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Wasilla’s Boyer fires five-inning perfect game against Kodiak in 15-0 win

04/28/2017, 7:30pm AKDT
By Van Williams

Senior right-hander struck out 8 of 15 batters he faced and needed only 52 pitches.


Wasilla senior pitcher Hank Boyer retired all 15 batters he faced against Kodiak in a 15-0 win. Photo credit Boyer family

By the third inning, Hank Boyer knew he had something special brewing.

 

The Wasilla pitcher had command of all three pitches and his curveball was on a string, helping the senior right-hander record a no-hit, no-walk effort over five innings.

 

A perfect game.

 

It came in a 15-0 win over Kodiak in Southcentral Conference action at Wasilla’s new baseball field.

 

“I'm feeling good; never have been that close before,” Boyer told me. “Happy I could finish it. With double digit runs on the board I knew we were gonna win and that's all I cared about.”

 

Boyer struck out 8 of 15 batters he faced and needed only 52 pitches to complete the job.

 

“I knew after the third inning we could do something special,” Boyer said.

 

He worked through two full counts – once in the fourth inning and again in the fifth inning, ending both at-bats with a strikeout.

 

“Coach Ott has called him our ‘Bulldog’ and that's truly what is,” Wasilla pitching coach Bryan Boyett told me. “Perfect games don't come around often and it is such a blessing to watch perfection at its finest.”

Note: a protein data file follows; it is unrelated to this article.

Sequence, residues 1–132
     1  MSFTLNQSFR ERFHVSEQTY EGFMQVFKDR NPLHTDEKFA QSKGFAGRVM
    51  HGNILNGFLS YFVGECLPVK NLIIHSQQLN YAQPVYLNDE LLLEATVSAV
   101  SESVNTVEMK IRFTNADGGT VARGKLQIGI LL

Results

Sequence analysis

Boyer’s beauty wasn’t without at least one dicey moment.

 

Third baseman Cyruss Lovell made a tremendous play in the fourth inning, Boyett said, to preserve the perfect game.

 

“My team had my back today,” Boyer said. “I had 100 percent confidence in them.”

 

He didn’t really need the guys behind him on this day – only the guy in front of him.

 

Catcher James Arend played a pivotal role in the perfect game.

 

“They were on the same page all game long with me on what they were seeing and what we were calling,” Boyett said. “Both the guys were really calm in the dugout. I think the coaching staff were more nervous than they were.”

 

Only 11 of 52 pitches were balls, in part to a nice targeting and framing by Arend.

 

“I had fun with him today,” Boyer said. “When their cleanup hitter came up and he called exactly what I was thinking for three straight pitches, I smiled a little. I knew me and him were on the same page today.”

 

Boyer throws a fastball, curveball and changeup. His out pitch was his curve.

 

“It was moving good,” he said.

 

Van Williams is a freelance writer in Anchorage and a correspondent for the Alaska School Activities Association.

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